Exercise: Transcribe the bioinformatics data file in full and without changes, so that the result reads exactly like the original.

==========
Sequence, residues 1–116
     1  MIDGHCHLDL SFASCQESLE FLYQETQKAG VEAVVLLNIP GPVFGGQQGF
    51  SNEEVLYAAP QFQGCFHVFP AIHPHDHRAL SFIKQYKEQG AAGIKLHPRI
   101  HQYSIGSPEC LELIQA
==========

Sequence, residues 1–116
     1  MIDGHCHLDL SFASCQESLE FLYQETQKAG VEAVVLLNIP GPVFGGQQGF
    51  SNEEVLYAAP QFQGCFHVFP AIHPHDHRAL SFIKQYKEQG AAGIKLHPRI
   101  HQYSIGSPEC LELIQA